How to Create an Un-Schedule and Why You Should


courtesy of rmlowe


By Jennifer Blanchard

Psychologist Neil Fiore, Ph.D., is famous for creating the “un-schedule,” which is basically the exact opposite of a schedule.

Dr. Fiore created the un-schedule because he knew that all people—and especially procrastinators—often set up a schedule for themselves that is full of things they never end up completing. They then get disappointed in themselves and give up.

Fiore said in order for procrastinators to actually get stuff done, they need to do the opposite of creating a schedule and create an un-schedule.

There are two reasons for this:

  1. An un-schedule can help you look ahead at your week to see what you already have going on, that way you can determine the amount of time you actually have available to commit to your writing.
  2. It helps you keep track of all the tasks you do throughout your week.

So for the next week, try to create an un-schedule for your life. Be sure to take into consideration everything that you’re already committed to—work, commuting, activities with your friends/family, volunteering, fun, meetings, appointments, meals, chores, sleeping, etc.

Using the un-calendar provided below, write in everything you already know you are doing this week. See the example for additional guidance.

One thing to keep in mind, this un-schedule is not for things you know you should be doing. It is only for things you know you already are doing.

For example, write on the un-schedule things you know you’ll be doing, such as sleeping, taking the kids to school and eating dinner. Do not write on the schedule “exercise” or “write” unless you know for sure you will be doing that activity at the time you wrote it in at. If, however, you want to make time for exercise, but aren’t already committed to it, leave it off the un-schedule.

The Un-Schedule

An example Un-Schedule for the week of August 17 to August 23

  Monday Tuesday Wednesday Thursday Friday Saturday Sunday
5 am Sleep Sleep Sleep Sleep Sleep Sleep Sleep
6 Sleep Sleep Sleep Sleep Sleep Sleep Sleep
7 Get ready for work; eat breakfast Sleep Get ready for work; eat breakfast Sleep Get ready for work Sleep Sleep
8 Drive to work Sleep Drive to work Sleep Drive to work Drop kids off at grandma’s for weekend Sleep
9 Work Get up; eat breakfast work Get up; eat breakfast work Run errands sleep
10 Work Take Scott to doctor’s appt work Dentist appointment work errands sleep
11 Work lunch work Meeting with accountant work errands Brunch with Carol and Steven
Noon lunch Drop Scott off at school lunch lunch lunch lunch Brunch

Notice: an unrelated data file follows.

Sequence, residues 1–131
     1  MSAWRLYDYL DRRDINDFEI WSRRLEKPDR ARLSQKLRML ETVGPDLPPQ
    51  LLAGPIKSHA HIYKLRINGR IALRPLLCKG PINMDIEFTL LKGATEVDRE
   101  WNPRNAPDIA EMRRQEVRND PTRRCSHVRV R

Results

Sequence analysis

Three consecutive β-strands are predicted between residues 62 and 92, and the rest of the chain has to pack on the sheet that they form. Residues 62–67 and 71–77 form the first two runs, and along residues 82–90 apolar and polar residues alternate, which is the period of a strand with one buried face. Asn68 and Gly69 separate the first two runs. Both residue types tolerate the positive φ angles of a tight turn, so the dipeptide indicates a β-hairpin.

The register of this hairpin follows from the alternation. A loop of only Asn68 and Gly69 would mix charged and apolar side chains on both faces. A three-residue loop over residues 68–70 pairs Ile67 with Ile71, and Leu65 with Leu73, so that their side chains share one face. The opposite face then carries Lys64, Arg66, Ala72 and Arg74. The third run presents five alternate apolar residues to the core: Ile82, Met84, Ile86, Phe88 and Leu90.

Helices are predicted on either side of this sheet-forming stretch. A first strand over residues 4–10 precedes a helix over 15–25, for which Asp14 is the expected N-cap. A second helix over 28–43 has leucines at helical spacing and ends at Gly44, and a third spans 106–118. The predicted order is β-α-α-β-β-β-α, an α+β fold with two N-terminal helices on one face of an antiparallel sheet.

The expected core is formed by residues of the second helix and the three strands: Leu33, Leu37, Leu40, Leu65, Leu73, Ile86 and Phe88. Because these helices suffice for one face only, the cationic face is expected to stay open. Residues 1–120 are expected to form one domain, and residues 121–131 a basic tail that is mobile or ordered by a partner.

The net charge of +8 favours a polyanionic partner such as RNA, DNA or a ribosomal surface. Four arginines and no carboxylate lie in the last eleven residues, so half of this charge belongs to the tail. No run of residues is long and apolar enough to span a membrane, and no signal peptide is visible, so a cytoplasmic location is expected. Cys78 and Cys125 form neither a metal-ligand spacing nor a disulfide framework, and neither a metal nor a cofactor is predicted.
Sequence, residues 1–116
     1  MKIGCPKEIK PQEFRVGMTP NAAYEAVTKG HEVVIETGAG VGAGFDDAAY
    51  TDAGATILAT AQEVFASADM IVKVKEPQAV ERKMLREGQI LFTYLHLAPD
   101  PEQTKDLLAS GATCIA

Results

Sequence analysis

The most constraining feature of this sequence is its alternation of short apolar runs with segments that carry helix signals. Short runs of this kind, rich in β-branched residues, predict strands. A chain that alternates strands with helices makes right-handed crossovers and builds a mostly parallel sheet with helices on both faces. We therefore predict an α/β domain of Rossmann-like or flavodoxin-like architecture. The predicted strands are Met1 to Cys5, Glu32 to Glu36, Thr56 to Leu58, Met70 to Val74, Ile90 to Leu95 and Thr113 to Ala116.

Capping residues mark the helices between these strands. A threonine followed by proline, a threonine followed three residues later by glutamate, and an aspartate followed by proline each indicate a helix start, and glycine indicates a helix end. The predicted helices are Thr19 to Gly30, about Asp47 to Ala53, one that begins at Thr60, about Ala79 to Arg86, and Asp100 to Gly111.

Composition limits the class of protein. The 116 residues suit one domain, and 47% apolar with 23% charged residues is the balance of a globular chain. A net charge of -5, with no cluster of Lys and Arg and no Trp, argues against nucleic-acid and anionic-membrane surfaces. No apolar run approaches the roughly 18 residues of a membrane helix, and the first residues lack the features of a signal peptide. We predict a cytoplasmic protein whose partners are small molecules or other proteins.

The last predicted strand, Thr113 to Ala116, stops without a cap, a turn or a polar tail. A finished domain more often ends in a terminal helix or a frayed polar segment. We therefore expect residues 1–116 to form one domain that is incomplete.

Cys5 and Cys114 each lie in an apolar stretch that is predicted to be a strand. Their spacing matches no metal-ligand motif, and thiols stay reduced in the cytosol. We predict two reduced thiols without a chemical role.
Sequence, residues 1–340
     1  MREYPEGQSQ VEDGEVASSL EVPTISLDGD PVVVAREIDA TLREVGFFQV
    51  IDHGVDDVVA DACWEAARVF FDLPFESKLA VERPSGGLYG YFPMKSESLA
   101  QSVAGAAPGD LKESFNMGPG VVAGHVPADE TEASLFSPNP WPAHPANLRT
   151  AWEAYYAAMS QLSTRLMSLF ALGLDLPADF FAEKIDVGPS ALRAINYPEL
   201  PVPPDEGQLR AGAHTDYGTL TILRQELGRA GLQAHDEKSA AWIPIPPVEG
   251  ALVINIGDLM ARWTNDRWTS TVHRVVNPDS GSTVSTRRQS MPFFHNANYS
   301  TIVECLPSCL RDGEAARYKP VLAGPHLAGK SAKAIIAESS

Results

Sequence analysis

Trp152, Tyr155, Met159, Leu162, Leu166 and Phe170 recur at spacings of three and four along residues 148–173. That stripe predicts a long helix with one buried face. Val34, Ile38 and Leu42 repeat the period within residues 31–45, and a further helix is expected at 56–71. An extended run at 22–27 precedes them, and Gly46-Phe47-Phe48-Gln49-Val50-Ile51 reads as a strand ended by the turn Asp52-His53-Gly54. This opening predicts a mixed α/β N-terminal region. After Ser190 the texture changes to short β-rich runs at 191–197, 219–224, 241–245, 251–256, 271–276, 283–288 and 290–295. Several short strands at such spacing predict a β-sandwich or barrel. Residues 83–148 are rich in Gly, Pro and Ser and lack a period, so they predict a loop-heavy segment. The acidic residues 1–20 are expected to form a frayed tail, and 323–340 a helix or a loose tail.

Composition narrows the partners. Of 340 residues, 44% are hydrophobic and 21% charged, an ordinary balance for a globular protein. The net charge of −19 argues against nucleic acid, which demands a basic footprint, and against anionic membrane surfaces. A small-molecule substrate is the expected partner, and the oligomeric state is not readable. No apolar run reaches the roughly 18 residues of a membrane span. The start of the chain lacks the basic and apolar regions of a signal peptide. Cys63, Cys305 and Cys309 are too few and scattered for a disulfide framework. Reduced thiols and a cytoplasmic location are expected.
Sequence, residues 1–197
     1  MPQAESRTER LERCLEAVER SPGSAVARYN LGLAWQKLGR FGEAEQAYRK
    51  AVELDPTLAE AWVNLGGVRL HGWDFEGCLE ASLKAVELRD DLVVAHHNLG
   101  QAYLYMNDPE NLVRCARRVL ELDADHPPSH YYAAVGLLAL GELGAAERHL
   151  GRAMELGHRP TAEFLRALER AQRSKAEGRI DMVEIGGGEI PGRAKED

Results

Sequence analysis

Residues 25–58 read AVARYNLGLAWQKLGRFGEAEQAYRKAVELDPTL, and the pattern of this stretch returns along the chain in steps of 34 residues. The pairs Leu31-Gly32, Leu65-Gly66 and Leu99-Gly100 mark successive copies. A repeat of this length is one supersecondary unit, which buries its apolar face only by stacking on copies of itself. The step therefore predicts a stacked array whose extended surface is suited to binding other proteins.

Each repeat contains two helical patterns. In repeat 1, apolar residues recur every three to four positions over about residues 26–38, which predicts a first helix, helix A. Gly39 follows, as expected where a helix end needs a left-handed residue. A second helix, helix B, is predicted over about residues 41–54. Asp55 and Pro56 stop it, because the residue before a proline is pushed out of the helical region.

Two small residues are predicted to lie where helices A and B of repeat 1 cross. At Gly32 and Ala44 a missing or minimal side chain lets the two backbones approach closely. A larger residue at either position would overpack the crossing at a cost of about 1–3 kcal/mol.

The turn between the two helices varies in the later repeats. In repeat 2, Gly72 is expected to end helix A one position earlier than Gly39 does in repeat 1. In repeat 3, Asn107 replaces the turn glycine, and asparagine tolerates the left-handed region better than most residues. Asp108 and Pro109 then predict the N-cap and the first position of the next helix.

1 work Grocery shopping work Clean house work errands Brunch
2 work Conference call with work work Watch episode of Rachel Ray with Gavin Rossdale interview work errands Make meal plan for the week
3 work   work Pick up kids from school work   exercise
4 work   Pick Scott up from field trip dinner work    
5 Driving home from work Dinner Drive home Drop Scott off at Cub Scouts work    
6 Making dinner Take Kim to ballet dinner Drop Kim off at ballet work Dinner plans with husband Dinner with grandma
7 exercise   Family game night exercise dinner Dinner Drive home
8 New episode of House     New episode of How Do I Look? Helping Scott with science project Going to see new James Bond movie  
9 Put kids to bed Put kids to bed Put kids to bed Put kids to bed Science project Movie Put kids to bed
10   Sleep   sleep Put kids to bed movie  
11 Sleep sleep   sleep sleep sleep sleep
12 am Sleep sleep sleep sleep sleep sleep sleep
Available Writing Hours 1 4 3 0 0 3 4


Based on this un-schedule, this person has 15 hours a week, at most, to dedicate to writing. Of course, this schedule only accounts for the stuff the person already knows she’ll be doing. There will most definitely be other things that pop up.

The idea isn’t for an un-schedule to be the be-all-end-all; it’s just a way for you to see where you have available time.

If you’re going to develop a habit of writing, you need to learn how to make time for it. But in order to do that, you first need to determine when you actually have time available.

Now it’s your turn. Create an un-schedule for your week coming up. As you go through your days, be sure to write in any other things that pop up. At the end of each day, count up your hours that are “blank” and write the total in the box called, “Available Writing Hours.”

Have you ever created an un-schedule before? If so, did it help you at all?

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